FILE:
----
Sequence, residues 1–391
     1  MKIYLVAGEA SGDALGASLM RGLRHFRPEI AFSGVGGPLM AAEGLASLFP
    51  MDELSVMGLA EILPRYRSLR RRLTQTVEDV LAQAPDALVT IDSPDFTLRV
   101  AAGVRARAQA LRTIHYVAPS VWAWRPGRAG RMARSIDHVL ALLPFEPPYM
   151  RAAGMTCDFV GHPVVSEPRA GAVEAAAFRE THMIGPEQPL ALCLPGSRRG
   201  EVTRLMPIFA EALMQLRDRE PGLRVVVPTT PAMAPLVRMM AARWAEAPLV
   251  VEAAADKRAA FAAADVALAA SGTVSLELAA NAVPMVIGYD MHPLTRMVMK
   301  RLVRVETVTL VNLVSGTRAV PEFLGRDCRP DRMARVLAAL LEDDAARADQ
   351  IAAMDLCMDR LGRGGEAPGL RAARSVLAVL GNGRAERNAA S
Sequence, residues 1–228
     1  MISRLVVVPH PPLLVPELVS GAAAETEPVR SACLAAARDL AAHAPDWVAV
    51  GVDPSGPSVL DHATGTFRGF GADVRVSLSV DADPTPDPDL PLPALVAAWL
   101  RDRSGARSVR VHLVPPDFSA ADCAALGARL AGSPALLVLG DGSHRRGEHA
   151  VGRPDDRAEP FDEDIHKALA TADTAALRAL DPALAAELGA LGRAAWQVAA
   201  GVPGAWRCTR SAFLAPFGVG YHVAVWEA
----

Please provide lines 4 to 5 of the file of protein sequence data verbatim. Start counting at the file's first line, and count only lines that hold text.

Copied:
   101  AAGVRARAQA LRTIHYVAPS VWAWRPGRAG RMARSIDHVL ALLPFEPPYM
   151  RAAGMTCDFV GHPVVSEPRA GAVEAAAFRE THMIGPEQPL ALCLPGSRRG